Fair Rents (Scotland) Bill or Artificial state manipulation of free market rent?10:34 AM, 6th November 2020
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The HMRC consultation titled “Tackling the Hidden Economy” has identified HMOs and selective licensing in the private rental sector as an option for developing tax-registration checks.
The consultation proposes to tackle different areas of the hidden (non tax paying) economy by making access to licences needed to trade conditional on tax compliance, known as ‘conditionality’.
Click Here to see the full HMRC paper.
HMRC wish to target Licences issued under the Housing Act 2004 as the government believes they
may be suitable for conditionality.
Selective licensing for private rented properties:
Part 3 of the Housing Act 2004 (the Act) sets out a scheme for licensing private rented properties in a local authority area in England and Wales. Under section 80 of the Act, a local authority can introduce selective licensing of privately rented homes in order to tackle problems in their areas (or any part or parts of them) caused by low housing demand or significant anti-social behaviour. In 2015, DCLG introduced further grounds for implementing selective licensing schemes: poor property conditions, high levels of migration, high levels of deprivation and high crime.
Where a selective licensing designation is made it applies to privately rented property in the are a, and all properties in the private rented sector are required to be licensed by the local housing authority (subject to certain exemptions). Local authorities in England are required to obtain confirmation from the Secretary of State for any selective licensing scheme which would cover more than 20% of their geographical area or would affect more than 20% of privately rented homes in the local authority area.
Houses in multiple occupation (HMO) licences:
A house in multiple occupancy (HMO) is a property rented out by at least three people who are not from one ‘household’ e.g. a family, but share facilities like the bathroom and kitchen. Licences are required for those who rent large HMOs. There are approximately 510,000 HMOs in England and approximately 64,000 of these are currently required to be licensed. The Department for Communities and Local Government (DCLG) recently consulted on changing the definition of mandatory licensing which would bring a further 160,000 HMOs in scope.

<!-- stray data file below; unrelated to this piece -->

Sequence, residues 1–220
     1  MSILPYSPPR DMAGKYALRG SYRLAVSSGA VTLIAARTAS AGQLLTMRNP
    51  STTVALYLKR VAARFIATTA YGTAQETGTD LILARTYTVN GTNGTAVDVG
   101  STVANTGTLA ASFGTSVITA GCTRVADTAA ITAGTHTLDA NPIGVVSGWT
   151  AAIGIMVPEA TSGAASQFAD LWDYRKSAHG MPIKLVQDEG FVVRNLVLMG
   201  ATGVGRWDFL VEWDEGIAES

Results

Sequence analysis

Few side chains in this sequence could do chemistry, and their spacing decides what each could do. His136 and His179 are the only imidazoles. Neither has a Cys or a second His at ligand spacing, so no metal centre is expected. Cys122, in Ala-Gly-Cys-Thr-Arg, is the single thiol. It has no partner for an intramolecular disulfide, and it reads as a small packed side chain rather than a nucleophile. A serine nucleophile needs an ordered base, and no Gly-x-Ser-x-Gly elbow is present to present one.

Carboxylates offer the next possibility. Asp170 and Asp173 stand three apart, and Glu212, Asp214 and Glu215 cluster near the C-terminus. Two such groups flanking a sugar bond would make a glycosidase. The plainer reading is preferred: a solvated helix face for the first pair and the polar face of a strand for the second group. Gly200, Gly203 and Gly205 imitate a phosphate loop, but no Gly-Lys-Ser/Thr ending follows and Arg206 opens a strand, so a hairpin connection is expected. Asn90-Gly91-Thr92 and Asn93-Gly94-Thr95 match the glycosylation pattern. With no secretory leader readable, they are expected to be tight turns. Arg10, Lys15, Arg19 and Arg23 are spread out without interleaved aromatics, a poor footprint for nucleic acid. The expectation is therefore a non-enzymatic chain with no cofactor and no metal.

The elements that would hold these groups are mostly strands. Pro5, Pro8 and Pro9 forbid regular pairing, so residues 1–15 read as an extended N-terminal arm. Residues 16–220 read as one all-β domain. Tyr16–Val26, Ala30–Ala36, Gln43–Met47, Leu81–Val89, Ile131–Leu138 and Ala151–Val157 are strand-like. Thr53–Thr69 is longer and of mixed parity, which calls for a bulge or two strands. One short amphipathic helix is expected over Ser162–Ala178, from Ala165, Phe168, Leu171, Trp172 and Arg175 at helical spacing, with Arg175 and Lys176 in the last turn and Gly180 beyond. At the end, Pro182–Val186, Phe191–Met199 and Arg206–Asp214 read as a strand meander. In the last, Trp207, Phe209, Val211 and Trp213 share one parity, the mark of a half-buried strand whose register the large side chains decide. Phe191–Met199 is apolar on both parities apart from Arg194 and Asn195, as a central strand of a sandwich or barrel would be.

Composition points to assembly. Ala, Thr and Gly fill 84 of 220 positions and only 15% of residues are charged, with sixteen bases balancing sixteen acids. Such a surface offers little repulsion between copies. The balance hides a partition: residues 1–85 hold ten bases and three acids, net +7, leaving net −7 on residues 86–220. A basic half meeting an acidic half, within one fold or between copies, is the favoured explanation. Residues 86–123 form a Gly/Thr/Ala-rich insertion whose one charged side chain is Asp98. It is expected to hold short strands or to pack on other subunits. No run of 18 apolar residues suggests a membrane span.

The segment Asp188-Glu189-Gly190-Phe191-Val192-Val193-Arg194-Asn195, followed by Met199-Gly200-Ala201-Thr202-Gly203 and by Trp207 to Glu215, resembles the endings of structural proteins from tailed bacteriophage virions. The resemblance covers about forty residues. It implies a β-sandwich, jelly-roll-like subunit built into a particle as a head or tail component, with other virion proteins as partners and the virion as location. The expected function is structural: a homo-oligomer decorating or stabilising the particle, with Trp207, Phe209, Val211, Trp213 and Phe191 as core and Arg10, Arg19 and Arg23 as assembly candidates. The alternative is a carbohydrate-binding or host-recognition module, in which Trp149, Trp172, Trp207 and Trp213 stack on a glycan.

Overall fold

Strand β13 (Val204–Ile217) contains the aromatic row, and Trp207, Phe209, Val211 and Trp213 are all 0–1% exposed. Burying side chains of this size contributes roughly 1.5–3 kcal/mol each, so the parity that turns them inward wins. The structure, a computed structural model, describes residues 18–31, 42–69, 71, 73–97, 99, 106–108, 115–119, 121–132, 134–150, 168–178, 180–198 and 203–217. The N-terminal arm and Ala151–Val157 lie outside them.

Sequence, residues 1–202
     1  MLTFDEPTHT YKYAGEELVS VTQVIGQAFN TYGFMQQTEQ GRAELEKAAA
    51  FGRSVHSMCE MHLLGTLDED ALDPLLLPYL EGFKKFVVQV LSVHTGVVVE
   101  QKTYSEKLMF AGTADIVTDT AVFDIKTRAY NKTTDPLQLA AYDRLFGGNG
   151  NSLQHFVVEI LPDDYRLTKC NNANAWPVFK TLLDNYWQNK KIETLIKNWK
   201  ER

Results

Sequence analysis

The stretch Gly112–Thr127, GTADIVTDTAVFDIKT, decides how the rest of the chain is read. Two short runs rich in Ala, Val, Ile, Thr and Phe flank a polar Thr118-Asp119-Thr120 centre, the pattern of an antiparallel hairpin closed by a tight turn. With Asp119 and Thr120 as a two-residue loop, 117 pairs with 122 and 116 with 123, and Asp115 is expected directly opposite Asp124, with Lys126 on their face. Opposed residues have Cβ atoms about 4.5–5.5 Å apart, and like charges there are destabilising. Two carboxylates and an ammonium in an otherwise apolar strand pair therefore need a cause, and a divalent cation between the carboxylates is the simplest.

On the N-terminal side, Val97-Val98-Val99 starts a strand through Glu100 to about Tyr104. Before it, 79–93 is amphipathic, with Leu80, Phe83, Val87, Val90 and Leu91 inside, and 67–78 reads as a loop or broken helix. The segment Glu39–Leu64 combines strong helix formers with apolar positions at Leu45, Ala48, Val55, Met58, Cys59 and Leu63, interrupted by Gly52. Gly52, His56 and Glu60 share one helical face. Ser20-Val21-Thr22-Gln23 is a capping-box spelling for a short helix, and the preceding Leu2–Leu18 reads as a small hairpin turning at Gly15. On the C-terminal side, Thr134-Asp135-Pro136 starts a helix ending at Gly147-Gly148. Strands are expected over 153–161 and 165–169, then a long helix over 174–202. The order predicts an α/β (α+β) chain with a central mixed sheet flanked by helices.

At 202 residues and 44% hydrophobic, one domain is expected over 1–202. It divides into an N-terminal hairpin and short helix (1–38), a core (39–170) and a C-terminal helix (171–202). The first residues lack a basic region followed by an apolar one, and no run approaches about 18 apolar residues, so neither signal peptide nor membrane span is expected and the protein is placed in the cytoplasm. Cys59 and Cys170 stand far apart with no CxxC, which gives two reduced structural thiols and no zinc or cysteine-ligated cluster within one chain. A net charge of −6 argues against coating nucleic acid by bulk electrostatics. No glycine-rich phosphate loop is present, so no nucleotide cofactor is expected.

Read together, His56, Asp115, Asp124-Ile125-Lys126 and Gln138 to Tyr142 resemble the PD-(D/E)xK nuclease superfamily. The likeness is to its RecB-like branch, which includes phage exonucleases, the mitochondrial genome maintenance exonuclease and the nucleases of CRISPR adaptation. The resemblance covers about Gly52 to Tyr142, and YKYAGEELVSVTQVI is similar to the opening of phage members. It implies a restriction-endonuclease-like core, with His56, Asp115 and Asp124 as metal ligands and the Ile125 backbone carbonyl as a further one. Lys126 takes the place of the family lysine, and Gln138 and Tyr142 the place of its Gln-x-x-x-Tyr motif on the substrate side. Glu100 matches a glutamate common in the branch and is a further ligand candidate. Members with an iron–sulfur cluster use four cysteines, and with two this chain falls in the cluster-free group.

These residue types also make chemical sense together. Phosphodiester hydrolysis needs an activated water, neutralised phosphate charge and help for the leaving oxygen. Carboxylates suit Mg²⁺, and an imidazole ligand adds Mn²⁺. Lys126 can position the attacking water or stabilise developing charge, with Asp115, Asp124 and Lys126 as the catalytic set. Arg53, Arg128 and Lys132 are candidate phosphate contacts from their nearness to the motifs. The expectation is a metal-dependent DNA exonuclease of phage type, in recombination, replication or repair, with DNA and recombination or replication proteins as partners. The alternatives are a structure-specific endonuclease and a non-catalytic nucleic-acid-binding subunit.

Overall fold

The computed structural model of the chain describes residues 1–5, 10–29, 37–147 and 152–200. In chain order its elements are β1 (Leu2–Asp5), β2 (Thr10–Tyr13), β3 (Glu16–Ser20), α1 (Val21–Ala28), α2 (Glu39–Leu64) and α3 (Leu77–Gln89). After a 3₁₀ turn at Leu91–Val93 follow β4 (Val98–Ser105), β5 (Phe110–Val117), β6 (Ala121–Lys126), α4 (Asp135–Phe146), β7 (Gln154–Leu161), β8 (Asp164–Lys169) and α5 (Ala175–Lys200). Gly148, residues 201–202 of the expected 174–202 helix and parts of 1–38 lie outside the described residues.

Local authorities have the power to introduce additional licensing schemes, which would capture further
HMOs. These licences must be renewed every 5 years.
The Paper goes on to say:
“The government values the private rented sector and wants to see a strong, healthy and vibrant market, which meets housing needs in a professional way.
This includes ensuring that landlords are reporting and paying the tax they owe.
To support this aim, HMRC is increasing its targeted compliance activity across the private rental sector through taskforce activity. It is also encouraging those who have been non-compliant to come forward through activities such as the Let Property Campaign
Applying conditionality to HMO licences could support existing HMRC compliance activity by helping and encouraging more landlords to ensure they are compliant with tax laws before renting out properties.
Similarly, there may be potential for tax-registration checks to be incorporated into selective licensing schemes where appropriate and proportionate.”
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